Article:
The ghost who got a warm reception

In Valerie Martin's new The Ghost of the Mary Celeste, famed British author and Sherlock Holmes creator Arthur Conan Doyle is touring the United States.  Though gracious among his fans, Doyle finds every dinner, interview, lecture, or appearance to be wearyingly predictable:  the American penchant for steam heat will render him miserably warm; he will be implored to "bring back Sherlock Holmes"; he will yet again be solicited for his impressions of America.

One can sympathize; Americans' love for cozy interior climates and Sherlock Holmes--and their self-assurance--are documented. 

Mary Celeste stampAnd so is the Mary Celeste, an actual American ship discovered intact and adrift east of the Azores in 1872 with captain, crew, and the captain's wife and daughter missing.  The vessel's enigmatic fate inspired an 1884 tale by Doyle titled "J. Habakuk Jephson's Statement".  Appearing in the well-regarded Cornhill magazine, the story (though not attributed to Doyle at the time) paid the author well.  Since the account plays a role in Martin's multifaceted novel, readers, too, are handsomely rewarded.

Doyle's melodramatic yarn is just one player in the story encompassing a tragic seafaring clan, a heartrendingly tender couple, a resolute female journalist, a long-missing diary, and a charismatic young woman seemingly mystified by her ability to receive messages from the dead. 

The ghost in the title isn't one that haunts the vessel; it has more to do with the spirit of America at the time: the national obsession with psychic phenomena such as "mediums" who allegedly bridged communication between the living and the dead.  Both sea voyages and the 19th-century Spiritualism Movement attracted participants willing to venture beyond their elements--some merely extracting adventure from the experience, others forever losing their way.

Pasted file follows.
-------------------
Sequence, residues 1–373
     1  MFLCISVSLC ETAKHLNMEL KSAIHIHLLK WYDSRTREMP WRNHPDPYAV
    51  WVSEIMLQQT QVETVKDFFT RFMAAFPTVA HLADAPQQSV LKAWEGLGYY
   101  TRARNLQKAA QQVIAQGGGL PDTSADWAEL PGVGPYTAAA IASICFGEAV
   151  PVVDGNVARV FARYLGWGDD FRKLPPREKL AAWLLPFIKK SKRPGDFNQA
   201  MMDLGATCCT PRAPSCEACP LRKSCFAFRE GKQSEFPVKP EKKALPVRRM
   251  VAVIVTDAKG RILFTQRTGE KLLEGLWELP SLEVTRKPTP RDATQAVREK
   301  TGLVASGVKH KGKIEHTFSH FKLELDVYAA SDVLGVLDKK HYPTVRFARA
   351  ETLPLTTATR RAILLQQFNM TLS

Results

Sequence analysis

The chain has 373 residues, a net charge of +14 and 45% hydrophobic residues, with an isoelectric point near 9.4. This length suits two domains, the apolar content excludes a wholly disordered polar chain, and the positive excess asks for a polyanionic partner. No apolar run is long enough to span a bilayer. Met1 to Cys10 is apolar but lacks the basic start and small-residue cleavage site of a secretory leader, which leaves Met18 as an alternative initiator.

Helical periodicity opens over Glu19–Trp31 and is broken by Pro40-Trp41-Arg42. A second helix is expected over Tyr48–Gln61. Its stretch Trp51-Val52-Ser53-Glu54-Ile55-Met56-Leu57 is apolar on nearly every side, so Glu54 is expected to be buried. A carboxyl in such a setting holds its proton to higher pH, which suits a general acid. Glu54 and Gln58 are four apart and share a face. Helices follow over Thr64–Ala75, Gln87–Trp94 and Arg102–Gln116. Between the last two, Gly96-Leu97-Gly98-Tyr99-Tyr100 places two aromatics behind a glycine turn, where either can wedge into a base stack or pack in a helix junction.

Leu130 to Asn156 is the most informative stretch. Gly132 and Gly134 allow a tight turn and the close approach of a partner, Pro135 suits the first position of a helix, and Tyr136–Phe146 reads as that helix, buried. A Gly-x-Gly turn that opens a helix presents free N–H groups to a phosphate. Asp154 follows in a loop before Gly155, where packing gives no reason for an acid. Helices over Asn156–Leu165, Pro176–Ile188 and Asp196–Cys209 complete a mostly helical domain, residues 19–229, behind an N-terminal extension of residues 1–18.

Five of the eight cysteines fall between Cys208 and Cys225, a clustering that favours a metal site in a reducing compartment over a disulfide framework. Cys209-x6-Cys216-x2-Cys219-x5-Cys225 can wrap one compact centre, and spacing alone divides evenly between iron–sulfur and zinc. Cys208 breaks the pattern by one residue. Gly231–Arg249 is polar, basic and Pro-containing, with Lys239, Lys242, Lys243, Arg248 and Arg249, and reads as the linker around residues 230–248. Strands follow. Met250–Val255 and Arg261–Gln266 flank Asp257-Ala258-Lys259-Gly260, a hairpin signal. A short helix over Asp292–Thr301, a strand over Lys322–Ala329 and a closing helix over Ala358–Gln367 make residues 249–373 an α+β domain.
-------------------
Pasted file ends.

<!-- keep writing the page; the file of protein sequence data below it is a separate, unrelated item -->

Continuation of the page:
I particularly enjoyed Martin's description of Pleasant Lake, a sort of Spiritualist resort, complete with séances, clairvoyant physicians, magnetic healers, and spirit photographers.

Viewing artifact photos of that time, we could scoff at the obvious fakery employed to produce depictions of, say, a widower shadowed by a faint image of his wife's "spirit"--or we could imagine how a lesser degree of sophistication combined with extreme grief could bring the possessor to find comfort in them.  Though fictional, Martin's book reflects significant historical research and thus affords an authentic sense of this era in American history.

Some elements reflect our consciousness today.  You need only glance at a TV schedule or new book display for evidence of our fascination with the paranormal.  And as for creative attempts to portray a life beyond fact--check out all the strategically chosen, digitally altered, and idealized shots featured on Facebook profiles. 

I'm not sure what it says about me that my Facebook profile shot is a Mad Men-style cartoon of a sheath-clad, bespectacled lady clutching a coffee cup.  A friend commented, "You do know that's not very flattering, right?"  I could only respond in the immortal words of Pigpen in A Charlie Brown Christmas: "On the contrary--I didn't think I looked that good."